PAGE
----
Funding helps foster kids beat the odds |

Funding helps foster kids beat the odds

Christine Stanley
Sierra Sun

Each year, nearly 60 children reach adulthood and age-out of the foster care systems in Nevada and Placer counties without access to social resources. But that will change soon, as Gov. Arnold Schwarzenegger has increased the budget for older foster youth, allowing local counties to improve their systems of care.

Schwarzenegger’s proposed budget for the upcoming fiscal year more than triples the state’s investment in the Transitional Housing Placement-Plus program (THP-Plus) from $4.8 million to $15.4 million, increasing the number of youth served annually from 200 to more than 1,000. Additionally, it provides an $11.9 augmentation for the current fiscal year.

“This is giving foster kids in California the chance they deserve. Without it, they would end up poor, unemployed or in jail. That’s a waste of money and most importantly, it’s an undue punishment to someone who never did anything wrong in the first place,” said John Burton, the retired President Pro Tem of the California State Senate, in a release. Burton established a foundation in 2004 that advocates foster care reform.

The Transitional Housing Placement-Plus Program is a program that provides affordable housing and supportive services to youth, age 18 to 24, to help them make a successful transition from foster care. It offers a wide-range of services, such as educational counseling, job search assistance, banking and budgeting education and case management.

But the program has not yet been developed in Placer and Nevada Counties because of cost. Last fiscal year, the reach of THP-Plus was limited, with only five counties implementing the program, according to Rachel Pena, program manager for Child Welfare Services in Nevada County.

A key barrier to statewide implementation was a 60 percent share of cost requirement for counties, which was removed in June 2006 with the passage of the state budget bill, Pena said. With the additional investment proposed in the governor’s budget, 48 counties will implement the program, assisting more that 1,000 homeless youth annually.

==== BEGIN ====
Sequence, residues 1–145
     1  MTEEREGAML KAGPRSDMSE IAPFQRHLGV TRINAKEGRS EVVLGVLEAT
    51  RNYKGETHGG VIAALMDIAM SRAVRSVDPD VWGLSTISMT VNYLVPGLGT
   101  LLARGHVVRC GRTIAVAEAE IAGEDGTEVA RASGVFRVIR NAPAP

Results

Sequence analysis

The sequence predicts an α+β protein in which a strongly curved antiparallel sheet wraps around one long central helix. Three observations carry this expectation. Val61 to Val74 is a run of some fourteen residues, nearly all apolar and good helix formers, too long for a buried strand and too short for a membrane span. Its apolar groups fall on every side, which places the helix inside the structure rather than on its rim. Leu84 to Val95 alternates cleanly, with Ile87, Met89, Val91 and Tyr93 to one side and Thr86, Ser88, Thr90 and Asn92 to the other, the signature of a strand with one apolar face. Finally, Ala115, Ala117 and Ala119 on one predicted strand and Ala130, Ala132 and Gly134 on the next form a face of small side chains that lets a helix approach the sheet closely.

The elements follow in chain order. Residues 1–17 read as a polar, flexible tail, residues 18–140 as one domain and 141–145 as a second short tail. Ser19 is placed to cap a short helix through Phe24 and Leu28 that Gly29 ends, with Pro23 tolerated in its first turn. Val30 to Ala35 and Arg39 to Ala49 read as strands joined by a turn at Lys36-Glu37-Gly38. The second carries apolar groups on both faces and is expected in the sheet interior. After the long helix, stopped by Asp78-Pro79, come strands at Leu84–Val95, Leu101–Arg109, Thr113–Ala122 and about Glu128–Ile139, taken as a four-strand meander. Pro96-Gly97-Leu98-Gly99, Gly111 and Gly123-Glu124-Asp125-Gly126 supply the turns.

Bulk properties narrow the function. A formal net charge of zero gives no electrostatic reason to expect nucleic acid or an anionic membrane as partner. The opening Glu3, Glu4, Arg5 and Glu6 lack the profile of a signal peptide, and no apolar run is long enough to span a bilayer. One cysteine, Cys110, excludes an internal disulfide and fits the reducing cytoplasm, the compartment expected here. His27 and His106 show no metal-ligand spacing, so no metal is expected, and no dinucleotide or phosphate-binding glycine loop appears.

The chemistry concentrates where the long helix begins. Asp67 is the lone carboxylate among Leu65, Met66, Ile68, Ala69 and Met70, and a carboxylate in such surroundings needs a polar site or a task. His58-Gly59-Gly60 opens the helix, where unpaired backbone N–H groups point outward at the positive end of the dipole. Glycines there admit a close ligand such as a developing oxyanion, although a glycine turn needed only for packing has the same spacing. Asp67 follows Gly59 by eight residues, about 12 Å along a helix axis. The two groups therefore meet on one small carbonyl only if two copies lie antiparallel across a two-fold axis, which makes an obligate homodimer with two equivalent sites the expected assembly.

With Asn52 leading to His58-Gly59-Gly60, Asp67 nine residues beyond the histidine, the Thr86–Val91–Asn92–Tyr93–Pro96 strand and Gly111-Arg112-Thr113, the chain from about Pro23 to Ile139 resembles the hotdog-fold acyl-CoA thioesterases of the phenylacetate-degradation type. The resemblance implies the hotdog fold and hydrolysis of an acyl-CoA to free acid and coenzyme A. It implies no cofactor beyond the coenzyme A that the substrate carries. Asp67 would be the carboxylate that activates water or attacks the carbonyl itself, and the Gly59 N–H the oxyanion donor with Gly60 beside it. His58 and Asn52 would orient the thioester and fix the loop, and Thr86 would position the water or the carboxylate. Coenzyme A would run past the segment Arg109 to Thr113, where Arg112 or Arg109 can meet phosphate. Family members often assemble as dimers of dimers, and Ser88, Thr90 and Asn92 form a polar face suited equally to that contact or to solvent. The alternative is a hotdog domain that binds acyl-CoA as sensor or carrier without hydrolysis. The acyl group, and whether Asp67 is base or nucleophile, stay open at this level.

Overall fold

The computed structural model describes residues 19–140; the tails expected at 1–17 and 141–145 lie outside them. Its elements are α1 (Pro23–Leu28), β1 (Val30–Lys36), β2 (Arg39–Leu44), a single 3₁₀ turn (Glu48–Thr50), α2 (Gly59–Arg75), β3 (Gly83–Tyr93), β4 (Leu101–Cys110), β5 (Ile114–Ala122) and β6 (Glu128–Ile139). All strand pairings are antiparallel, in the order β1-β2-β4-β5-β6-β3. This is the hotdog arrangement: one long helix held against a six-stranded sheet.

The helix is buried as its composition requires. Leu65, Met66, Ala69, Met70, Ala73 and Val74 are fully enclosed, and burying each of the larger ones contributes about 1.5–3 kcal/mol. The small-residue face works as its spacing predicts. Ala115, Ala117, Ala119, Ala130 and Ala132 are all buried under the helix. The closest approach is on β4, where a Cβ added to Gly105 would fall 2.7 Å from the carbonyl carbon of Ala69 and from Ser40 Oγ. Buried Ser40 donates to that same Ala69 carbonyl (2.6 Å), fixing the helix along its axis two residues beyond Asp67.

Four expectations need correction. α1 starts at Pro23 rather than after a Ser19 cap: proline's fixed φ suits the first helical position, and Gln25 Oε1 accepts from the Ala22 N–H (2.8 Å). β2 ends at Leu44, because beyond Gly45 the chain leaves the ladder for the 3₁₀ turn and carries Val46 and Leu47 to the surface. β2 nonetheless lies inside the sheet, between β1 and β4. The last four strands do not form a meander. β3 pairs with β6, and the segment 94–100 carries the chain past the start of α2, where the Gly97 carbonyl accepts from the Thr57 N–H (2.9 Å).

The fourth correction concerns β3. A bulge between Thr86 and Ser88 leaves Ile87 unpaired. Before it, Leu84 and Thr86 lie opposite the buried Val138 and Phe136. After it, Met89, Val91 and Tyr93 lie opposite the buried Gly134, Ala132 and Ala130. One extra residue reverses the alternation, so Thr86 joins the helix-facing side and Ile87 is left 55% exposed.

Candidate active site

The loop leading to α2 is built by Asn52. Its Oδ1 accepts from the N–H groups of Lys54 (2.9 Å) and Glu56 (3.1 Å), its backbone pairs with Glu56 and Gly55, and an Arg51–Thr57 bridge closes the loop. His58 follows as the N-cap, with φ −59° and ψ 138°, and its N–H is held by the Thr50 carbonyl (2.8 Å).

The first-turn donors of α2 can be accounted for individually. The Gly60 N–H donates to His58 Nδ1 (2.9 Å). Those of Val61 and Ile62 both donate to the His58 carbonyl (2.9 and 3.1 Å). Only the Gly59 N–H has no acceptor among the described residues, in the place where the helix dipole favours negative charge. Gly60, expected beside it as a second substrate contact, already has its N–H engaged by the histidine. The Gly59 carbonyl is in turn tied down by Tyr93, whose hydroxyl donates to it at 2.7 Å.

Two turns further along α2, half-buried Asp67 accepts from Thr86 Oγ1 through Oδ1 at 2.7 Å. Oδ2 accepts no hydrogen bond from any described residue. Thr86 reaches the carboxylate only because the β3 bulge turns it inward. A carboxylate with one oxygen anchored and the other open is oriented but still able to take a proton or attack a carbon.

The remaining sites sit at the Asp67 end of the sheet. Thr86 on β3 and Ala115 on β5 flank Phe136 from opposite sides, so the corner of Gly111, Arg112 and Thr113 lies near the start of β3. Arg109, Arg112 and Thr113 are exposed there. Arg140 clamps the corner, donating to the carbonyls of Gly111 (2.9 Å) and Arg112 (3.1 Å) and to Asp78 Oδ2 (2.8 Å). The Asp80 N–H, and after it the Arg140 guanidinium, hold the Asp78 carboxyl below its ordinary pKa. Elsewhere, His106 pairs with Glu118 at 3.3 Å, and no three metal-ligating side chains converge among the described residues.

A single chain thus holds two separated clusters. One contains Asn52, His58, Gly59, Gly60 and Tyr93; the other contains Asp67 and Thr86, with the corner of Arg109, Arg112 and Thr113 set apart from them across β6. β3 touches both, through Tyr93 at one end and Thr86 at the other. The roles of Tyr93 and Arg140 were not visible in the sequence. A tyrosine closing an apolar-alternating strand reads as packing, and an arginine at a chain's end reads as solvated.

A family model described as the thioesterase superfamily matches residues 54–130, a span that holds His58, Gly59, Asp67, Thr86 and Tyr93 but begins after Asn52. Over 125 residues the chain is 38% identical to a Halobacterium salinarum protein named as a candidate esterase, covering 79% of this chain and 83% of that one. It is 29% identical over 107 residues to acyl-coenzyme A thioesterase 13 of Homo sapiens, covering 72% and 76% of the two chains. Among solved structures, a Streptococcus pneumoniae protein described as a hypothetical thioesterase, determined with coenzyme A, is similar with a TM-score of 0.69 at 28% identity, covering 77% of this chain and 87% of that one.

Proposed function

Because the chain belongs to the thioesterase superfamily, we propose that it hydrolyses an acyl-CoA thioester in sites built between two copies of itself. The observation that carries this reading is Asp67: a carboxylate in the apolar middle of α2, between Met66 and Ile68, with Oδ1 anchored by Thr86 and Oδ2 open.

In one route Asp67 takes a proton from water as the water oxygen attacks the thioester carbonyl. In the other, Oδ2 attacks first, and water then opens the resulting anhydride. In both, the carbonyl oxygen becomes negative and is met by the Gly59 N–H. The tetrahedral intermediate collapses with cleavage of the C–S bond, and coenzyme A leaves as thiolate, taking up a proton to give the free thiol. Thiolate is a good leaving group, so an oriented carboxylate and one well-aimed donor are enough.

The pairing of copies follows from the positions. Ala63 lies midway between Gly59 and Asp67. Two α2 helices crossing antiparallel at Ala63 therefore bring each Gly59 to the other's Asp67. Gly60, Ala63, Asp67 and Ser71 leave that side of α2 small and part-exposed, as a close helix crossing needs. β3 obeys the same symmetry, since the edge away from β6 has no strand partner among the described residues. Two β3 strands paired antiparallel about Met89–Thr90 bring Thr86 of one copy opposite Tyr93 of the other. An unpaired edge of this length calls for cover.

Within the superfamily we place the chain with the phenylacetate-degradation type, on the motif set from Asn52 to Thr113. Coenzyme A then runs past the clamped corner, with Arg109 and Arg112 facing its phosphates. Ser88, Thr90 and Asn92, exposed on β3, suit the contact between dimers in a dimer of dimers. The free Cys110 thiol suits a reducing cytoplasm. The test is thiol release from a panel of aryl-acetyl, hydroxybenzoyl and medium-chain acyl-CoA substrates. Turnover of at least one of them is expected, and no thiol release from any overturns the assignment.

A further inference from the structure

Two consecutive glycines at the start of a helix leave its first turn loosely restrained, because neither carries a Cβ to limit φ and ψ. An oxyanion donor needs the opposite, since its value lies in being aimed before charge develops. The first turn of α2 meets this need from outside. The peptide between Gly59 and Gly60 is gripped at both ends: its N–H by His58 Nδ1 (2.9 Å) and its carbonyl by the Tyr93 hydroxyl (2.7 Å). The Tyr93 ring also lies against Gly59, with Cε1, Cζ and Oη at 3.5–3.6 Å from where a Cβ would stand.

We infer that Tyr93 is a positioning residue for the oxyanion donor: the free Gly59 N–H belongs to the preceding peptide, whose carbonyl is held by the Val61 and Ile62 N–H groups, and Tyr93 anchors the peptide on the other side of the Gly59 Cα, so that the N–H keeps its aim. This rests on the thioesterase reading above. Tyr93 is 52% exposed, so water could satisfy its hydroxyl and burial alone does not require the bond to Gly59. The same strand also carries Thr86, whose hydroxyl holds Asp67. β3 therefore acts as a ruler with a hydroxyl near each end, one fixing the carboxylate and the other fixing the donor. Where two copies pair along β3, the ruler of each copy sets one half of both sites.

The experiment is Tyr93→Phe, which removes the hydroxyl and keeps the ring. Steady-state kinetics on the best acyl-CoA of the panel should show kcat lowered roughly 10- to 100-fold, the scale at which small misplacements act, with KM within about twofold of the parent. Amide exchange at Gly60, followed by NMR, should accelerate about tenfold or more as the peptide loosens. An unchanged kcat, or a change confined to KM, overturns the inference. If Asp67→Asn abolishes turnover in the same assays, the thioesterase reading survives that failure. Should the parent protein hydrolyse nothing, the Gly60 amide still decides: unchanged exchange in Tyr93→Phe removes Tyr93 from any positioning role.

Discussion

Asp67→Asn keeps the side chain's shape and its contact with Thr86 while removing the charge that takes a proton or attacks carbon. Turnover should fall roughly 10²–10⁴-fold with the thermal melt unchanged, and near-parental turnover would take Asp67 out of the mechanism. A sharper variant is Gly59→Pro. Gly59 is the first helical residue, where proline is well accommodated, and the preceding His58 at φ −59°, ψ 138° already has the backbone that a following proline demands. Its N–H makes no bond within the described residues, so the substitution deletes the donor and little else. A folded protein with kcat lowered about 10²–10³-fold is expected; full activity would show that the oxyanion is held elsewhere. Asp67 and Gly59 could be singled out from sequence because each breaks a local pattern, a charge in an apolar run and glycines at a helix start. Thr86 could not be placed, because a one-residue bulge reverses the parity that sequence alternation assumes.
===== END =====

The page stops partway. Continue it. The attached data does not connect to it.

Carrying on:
“What we envision is to provide emergency housing for emancipating foster youth who identify themselves as needing this service,” said Richard Knecht, interim director of Placer County’s Children’s System of Care. “Housing and some social support would certainly be available in the [Truckee-Tahoe area] and we anticipate that there are kids there that need these services.”

Through the Transition Housing Placement-Plus program, which should be up and running in both Placer and Nevada counties this year, former foster youth will receive 24 months of individualized assistance.

“They may start out paying zero toward their rent, and by the end they should be able to maintain their situation without outside assistance,” said Cynthia Brundage, Placer County program manager and licensed clinical social worker. “The program is focused on what they want. If they want to get a degree at Sierra College, for example, we would want to find a home for them near the campus.”

By design, any person who enters and completes the THP-Plus program will exit with a myriad of life skills, said Knecht.

“The natural supports that should be in place don’t exist for foster kids. THP-Plus helps them create those supports and to put some resources in place while they get the training they need,” Knecht said. “We are very confident that this program will assist kids to come out in a place of autonomy.”

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